The transfer of parameter sets over different temporal and spatial
resolutions is common practice in many large-domain hydrological modelling
studies. The degree to which parameters are transferable across temporal and
spatial resolutions is an indicator of how well spatial and temporal
variability is represented in the models. A large degree of transferability
may well indicate a poor representation of such variability in the employed
models. To investigate parameter transferability over resolution in time and
space we have set up a study in which the Variable Infiltration
Capacity (VIC) model for the Thur basin in Switzerland was run with four
different spatial resolutions (1 km

The history of modern hydrological modelling dates back to halfway through
the nineteenth century, starting with empirical models to predict peak flows

Because the parameters in hydrological models often represent a different
spatial scale than the observation scale, or because conceptual parameters
have no directly measurable physical meaning, calibration of hydrological
models is almost always inevitable

Both to decrease calculation time of the optimization procedure and to be
able to apply the model in ungauged or poorly gauged basins and areas, many
studies have focused on the transferability of parameter values over time,
space, and spatial and temporal resolution
(e.g.

Less intuitive and less common is to transfer parameters across different
grid resolutions.

Although the ambition of GHMs is to move towards hyper-resolution
(

The impact of transferring parameters across spatial and/or temporal resolutions on model performance is thus ambiguous, but relevant in the light of hydrological model development, especially for GHMs which are at the upper boundary of computational power and data availability. Calibration on a coarse temporal or spatial resolution and subsequently transferring to a higher resolution could potentially reduce computation time, and it is therefore relevant to investigate the opportunities. But parameter transferability across spatial and temporal resolutions is also interesting for another reason: it is an indicator of the degree to which spatial variability and temporal variability are represented in the model. Ideally, in a model that describes all relevant hydrological processes correctly, parameters should to a large extent be transferable over time because longer time steps are simply an integration of the shorter time steps. On the other hand, parameters should not be or be hardly transferable over space, because the physical characteristics which they represent are different from place to place. Investigating parameter transferability across spatial and temporal resolutions can thus provide insight into the model's representation of spatial and temporal variability.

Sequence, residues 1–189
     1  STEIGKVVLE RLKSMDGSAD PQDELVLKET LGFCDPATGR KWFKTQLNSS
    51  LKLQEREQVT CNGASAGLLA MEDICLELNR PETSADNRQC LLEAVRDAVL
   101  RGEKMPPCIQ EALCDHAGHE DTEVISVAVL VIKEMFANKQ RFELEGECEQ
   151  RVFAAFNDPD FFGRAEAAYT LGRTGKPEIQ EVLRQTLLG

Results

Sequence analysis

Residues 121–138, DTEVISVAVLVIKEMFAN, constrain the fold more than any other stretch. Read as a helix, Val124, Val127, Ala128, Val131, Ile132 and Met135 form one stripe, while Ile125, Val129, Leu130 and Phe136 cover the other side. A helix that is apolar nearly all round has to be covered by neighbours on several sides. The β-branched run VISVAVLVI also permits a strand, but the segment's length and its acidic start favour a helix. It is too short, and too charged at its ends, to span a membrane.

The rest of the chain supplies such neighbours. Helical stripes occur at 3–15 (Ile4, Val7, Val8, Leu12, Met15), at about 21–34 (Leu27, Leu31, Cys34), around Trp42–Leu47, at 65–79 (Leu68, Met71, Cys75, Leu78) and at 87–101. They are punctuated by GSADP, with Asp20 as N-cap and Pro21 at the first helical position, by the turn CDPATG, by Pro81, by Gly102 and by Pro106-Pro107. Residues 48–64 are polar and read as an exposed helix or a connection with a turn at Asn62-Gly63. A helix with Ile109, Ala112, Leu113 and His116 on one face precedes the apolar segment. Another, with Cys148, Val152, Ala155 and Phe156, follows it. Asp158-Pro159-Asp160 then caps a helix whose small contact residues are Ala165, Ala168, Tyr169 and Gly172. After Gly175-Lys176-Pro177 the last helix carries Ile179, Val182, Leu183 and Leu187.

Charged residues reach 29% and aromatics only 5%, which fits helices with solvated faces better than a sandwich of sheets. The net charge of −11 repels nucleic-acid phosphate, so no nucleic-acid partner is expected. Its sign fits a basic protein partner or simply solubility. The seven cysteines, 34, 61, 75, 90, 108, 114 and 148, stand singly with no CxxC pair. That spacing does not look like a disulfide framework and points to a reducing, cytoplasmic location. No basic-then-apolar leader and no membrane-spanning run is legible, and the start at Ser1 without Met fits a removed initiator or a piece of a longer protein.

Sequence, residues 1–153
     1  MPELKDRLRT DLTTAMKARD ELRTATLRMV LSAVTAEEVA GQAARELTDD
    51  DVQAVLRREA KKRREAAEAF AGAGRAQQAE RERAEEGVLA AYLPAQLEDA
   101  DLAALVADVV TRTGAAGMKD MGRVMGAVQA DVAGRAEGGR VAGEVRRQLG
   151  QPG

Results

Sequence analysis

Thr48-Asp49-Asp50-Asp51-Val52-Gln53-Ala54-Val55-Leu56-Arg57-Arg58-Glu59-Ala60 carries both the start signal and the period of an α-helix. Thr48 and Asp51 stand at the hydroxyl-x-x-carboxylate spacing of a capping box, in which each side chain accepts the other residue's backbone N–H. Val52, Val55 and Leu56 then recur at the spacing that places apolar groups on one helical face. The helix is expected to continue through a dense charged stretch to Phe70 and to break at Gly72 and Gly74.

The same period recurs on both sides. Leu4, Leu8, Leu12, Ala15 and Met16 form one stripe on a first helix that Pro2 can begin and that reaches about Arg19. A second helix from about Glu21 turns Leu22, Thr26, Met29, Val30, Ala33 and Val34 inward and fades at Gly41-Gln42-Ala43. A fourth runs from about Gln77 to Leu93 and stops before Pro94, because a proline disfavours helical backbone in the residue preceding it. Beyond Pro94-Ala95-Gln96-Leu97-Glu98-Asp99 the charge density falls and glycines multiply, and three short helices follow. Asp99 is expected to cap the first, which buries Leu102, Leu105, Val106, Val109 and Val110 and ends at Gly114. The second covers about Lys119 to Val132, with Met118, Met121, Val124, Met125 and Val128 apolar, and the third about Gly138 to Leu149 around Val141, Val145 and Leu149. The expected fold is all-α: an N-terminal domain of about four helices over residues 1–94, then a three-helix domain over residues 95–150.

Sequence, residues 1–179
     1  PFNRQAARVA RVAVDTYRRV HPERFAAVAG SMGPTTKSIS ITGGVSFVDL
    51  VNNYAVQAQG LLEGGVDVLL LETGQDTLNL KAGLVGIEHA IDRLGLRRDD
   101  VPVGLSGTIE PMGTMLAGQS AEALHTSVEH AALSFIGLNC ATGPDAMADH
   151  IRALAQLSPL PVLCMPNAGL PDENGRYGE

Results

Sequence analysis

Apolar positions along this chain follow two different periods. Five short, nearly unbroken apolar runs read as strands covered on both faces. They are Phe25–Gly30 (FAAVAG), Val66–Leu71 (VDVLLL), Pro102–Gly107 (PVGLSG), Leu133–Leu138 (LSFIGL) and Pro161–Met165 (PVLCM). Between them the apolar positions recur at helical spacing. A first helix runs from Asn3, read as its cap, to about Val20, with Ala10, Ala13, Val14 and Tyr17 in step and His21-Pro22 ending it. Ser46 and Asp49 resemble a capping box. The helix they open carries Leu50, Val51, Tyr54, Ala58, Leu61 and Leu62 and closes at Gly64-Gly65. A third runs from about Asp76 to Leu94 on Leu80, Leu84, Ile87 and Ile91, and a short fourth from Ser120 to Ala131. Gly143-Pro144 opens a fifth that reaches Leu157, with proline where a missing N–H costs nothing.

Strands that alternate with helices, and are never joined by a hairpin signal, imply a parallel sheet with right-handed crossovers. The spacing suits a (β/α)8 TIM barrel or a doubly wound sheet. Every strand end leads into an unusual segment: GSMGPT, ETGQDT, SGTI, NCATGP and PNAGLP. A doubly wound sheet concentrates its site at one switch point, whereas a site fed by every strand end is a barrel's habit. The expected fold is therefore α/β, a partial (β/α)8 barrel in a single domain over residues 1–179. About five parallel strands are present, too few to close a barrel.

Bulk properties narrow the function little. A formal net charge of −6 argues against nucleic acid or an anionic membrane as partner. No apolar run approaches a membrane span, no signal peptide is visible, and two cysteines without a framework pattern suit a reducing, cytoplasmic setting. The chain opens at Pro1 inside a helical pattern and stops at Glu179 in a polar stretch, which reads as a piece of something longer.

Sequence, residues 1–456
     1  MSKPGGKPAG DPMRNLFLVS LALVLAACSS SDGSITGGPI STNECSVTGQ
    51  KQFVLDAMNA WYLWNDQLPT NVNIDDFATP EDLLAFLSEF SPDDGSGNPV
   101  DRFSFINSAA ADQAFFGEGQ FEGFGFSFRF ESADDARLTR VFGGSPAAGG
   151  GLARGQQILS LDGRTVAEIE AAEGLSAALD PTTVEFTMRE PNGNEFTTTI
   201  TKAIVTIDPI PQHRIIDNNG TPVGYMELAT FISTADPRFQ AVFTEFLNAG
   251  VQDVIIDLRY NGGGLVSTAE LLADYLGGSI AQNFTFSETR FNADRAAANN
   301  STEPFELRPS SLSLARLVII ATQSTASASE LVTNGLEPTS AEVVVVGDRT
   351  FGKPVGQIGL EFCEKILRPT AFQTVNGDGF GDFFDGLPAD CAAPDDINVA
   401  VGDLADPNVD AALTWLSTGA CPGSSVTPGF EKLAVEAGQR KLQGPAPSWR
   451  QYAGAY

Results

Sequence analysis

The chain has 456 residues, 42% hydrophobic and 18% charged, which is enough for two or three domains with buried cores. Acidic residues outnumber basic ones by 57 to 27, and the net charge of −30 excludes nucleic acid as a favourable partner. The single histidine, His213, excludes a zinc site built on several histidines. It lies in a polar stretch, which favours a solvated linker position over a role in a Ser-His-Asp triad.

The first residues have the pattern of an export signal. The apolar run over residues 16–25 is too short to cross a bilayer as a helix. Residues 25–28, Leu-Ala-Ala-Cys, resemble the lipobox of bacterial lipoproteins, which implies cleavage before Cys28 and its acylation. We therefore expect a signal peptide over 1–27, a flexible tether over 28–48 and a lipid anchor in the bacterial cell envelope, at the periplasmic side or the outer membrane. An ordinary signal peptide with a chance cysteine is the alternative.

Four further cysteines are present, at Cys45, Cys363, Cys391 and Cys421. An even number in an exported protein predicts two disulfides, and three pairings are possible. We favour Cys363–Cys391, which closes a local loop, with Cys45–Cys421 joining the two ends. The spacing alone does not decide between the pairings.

In this study, we employ the Variable Infiltration Capacity (VIC) model

Overview of the spatial and temporal resolutions employed in this
study. Top panels from left to right: DEM (digital elevation model) grid
cells for 1 km

Several studies already investigated scale effects in the VIC model, for
instance

The Thur basin (1703 km

The Thur basin and the nine sub-basins for which discharge data were available.

Upper panels: the precipitation sum in the Thur catchment over the
full model period (1 August 2002–31 August 2003) shown for different
resolutions (f.l.t.r.: 1 km

For the station at the Thur outlet (Andelfingen) and eight sub-basins, hourly discharge measurements for the period 1974–2012 were made available by the Swiss Federal Office for the Environment (FOEN). All discharge measurements have been obtained using a stage–discharge relation, based on several measurements conducted by FOEN throughout the years, amongst others, with an ADCP. The discharge measurements for the Rietholzbach catchment were made available by ETH Zürich.

Forcing data for this study were made available by the Swiss Federal Office
for Meteorology and Climatology (MeteoSwiss). These data have previously been
used for numerous applications of hydrological models in the Thur

Land use, hydraulic conductivity, elevation, and soil water storage capacity
maps, all with a spatial resolution of 200 m

The VIC model (version 4.1.2.i) was run at an hourly time step in the energy